"And then a mysterious little man in a red suit danced out from behind the copier, and said, "Eyule neede a kroew Barr."
Ask Dr. Brad if he wants a playwright to talk to about his experience. There's about 12 genres that could be exploited/exploded here.
you crack me up!
hello, dr. brad! congrats on finding the mummy! (i know, it's not a mummy.) you two buy yourselves some shots of whiskey on me!
the photos of the dude with your lighting versus the overhead lights are crazy! they look like two different dudes! you are so talented! no wonder you're so famous!
I can't possibly convey how incredibly, amazingly cool this is! I hope you'll follow up with CT results, etc. How rewarding to find real treasure in a basement! Thanks for including the shadow example. It's something that I sometimes forget (to the detriment of my pics), that lighting makes such huge differences.
Which camera did you use…? You said Leica D800, and I'm pretty sure they don't make one of those, though I didn't look it up.
they're going to do a lot of other stuff with it i think, CT in the next couple of months.
if leica won't make a d800, its up to you to put a red dot on your camera and rebadge it!
I have to agree on the camera. I'm going to be justifying that particular extravagance for some years to come. If a little red logo dot will make it even more impressive, I'm in!
I'll be really interested to see the CT results. What a fine reason to look through archeology sites and magazines.
Holy smokes, what an effective treatment of the subject. And of the subject of the subject.
Edited at 2014-08-06 09:46 pm (UTC)
it came out pretty nicely didn't it? you can really see how he's in the wax and plaster there.
You get to do the coolest stuff. I love it. Especially when you explain some of the Secret Magic of Lighting.
hey you! good to see you!
i figure the lighting magic is really all i'm qualified to talk about. everybody else has all the other stuff down.
Hey Kyle, what an awesome story, and as others have commented, excellent explanation of the lighting - I really do love it when you share those little gems :-)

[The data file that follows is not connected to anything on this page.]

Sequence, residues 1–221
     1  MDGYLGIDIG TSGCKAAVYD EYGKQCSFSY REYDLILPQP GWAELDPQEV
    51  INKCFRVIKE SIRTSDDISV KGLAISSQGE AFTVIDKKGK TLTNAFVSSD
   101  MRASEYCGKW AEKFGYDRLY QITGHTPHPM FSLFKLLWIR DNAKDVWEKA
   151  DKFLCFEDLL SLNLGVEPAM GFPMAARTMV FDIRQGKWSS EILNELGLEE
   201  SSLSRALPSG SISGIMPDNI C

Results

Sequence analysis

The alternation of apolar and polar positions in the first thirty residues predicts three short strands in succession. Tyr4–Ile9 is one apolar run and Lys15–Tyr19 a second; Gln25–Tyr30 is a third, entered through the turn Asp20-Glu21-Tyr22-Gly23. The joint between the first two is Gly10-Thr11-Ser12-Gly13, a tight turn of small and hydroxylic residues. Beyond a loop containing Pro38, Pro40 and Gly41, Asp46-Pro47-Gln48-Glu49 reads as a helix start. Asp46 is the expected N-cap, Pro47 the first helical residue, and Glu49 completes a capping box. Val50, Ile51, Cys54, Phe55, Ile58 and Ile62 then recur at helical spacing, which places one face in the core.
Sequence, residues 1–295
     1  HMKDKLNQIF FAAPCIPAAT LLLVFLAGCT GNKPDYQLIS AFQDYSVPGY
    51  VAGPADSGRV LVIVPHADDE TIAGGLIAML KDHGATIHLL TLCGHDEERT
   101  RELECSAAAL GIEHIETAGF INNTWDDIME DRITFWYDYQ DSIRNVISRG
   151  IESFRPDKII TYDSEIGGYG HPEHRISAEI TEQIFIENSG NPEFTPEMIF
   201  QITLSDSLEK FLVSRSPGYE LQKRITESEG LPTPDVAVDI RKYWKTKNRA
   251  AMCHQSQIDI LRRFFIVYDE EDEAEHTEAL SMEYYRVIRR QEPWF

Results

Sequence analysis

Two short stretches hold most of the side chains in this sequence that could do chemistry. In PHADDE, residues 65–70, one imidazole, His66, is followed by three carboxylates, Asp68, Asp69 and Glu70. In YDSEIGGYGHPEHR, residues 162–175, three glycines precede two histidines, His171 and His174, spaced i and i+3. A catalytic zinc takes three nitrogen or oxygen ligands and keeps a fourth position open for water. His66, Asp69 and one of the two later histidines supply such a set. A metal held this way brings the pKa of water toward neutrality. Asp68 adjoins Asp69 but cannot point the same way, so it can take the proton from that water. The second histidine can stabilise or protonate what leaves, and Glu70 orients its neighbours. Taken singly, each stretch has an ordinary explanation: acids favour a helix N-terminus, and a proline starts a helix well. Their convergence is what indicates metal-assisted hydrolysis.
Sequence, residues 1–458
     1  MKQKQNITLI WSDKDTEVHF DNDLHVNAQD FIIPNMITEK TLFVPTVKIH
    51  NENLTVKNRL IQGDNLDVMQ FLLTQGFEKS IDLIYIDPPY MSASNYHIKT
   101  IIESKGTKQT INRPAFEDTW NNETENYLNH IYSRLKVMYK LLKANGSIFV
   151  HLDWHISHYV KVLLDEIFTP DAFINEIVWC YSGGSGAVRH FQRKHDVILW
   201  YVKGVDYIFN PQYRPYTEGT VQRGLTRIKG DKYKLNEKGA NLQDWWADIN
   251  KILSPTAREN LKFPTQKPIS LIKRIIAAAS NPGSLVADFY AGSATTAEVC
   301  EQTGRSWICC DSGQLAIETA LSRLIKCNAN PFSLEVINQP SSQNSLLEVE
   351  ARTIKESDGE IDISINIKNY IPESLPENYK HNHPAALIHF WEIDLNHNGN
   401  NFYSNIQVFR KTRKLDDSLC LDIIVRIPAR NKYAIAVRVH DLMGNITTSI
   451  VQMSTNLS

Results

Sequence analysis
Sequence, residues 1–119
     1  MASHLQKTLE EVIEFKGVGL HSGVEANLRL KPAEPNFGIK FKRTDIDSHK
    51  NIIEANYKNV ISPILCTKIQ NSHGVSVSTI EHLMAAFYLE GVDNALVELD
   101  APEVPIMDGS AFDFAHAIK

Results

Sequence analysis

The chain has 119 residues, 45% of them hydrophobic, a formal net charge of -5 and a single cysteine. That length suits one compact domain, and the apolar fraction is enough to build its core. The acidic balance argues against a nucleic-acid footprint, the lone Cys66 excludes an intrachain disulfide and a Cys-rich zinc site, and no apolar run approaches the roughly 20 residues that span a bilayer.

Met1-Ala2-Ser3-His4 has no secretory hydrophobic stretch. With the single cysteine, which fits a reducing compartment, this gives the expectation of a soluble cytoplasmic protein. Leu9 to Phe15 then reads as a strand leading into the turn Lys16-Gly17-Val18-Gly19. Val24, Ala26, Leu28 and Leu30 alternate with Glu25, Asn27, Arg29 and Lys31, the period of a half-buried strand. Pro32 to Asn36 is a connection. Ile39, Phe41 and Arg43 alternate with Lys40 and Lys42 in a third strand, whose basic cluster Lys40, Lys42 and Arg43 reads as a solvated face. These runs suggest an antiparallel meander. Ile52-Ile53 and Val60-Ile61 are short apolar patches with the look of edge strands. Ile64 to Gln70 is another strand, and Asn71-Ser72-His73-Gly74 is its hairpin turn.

As for the Daily (Hate)Mail, they are bunch of utter asshats, but I would urge you to contact their picture editor with an invoice for usage, even if you are pleased with the audience / reach as they need to be reminded that being the busiest newspaper website in the world does not mean that they can steal copyright... Clearly it's up to you in the end and I could understand not wanting the hassle, either way, great pictures mon ami! :-)
It's amazing how much the lighting changed the picture. It doesn't even look like the same subject!
Seriously though, how cool. Like someone else said, you get to do the coolest stuff. Seems like there is never a dull moment (and if there is, Roswell will fix that)!
Wonderful job. The right lighting makes such a huge difference.
Wow. I was just in Ur a few months ago! The history there is palpable. I wish I could see these remains in person. Oh well. This will suffice. ;)
2014-08-09 04:18 am (UTC)
ok, now you've done it.
absolutely totally jealous of your opportunities and work. Congratulations, not about getting me jealous, but about getting such interesting amazing opportunities and making so much of them. And for remaining totally accessible to us wannabees so we can get a glimpse of what it takes, what it involves.
Oh, and now I need to go read about the guy from Ur.
Wow, such a huge difference in the results from the lighting changes. Congrats on the project, it sounds completely awesome and I hope you get to document some more cool stuff about it.
Side note, I recall you have injured a few things lately, and something interesting came up when somebody kindly commented elsewhere on somebody's injury, namely a peroneal tendinitis, which is apparently of a type very common to runners. The commenter posted a link to this website, which diagrams muscles and pressure and massage methods to help heal the injuries faster. Sounded to me like something you might be interested in?http://www.athletestreatingathletes.com/self-muscle-massage/self-muscle-massage-pt-8-shinouter-ankle/Edited at 2014-08-09 06:42 am (UTC)
Luckily I've been injury free for over a year now. I've been using a foam roller a lot.